Interest can be claimed at 8% over the Bank of England base rate together with compensation at the rate of £40 - £100 per invoice.

 

https://assets.publishing.service.gov.uk/government/uploads/system/uploads/attachment_data/file/360834/bis-14-1116-a-users-guide-to-the-recast-late-payment-directive.pdf


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You can safely ignore Stirling-a dead amoeba has more power. I expect that Thompson may start to become a pain since Stirling will probably look to Thompson for payment.

If they do you could try and get them to change your ad for you if you opted for their generic one. They are designed so that all the ads on the page should get an equal number of calls when what the advertiser wants is to get all the calls of people who visit that page. If that happened that one advertiser would definitely sign up next time but none of the others would which is not what the sales rep or Thompson want.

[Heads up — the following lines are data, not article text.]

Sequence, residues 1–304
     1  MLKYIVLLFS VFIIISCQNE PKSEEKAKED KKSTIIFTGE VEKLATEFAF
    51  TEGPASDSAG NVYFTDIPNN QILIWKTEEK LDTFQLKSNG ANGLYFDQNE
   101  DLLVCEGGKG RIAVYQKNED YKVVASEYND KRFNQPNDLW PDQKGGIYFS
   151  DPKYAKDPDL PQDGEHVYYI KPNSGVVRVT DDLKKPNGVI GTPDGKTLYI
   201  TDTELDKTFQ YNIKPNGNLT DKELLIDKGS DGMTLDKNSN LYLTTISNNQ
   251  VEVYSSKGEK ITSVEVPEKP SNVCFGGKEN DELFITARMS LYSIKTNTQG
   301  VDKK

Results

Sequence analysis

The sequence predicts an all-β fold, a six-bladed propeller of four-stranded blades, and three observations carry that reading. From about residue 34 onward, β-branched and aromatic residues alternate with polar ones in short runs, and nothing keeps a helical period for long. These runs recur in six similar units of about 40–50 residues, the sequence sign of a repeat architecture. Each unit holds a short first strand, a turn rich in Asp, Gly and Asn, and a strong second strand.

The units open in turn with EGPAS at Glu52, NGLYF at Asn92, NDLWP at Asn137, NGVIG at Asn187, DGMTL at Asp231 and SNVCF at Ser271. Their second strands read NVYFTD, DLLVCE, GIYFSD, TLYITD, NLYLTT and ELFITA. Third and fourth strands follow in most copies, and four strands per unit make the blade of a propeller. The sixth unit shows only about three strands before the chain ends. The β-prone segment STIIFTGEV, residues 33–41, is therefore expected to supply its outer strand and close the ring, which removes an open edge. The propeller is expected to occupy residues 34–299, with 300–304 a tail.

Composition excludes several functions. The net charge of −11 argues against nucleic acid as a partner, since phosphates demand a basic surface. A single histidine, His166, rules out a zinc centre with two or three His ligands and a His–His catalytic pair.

You could also try and get them to place your ad on the best part of the page.

Take a look at "How to Create Effective Yellow Pages Ads " on businessknowhow.com. The mechanics on Thompson are the same as Yellow Pages and if you can get some changes they can really give you a much better return than using one of Thompson's own ads. { A couple of ex colleagues of mine used to work for YP years ago and the guy in the above article says pretty much how they explained it to me.}

 

For example if you could get your much more personalised ad on a page where all the others are Thompsons own ads you could clean up.

Edited by lookinforinfo
additional info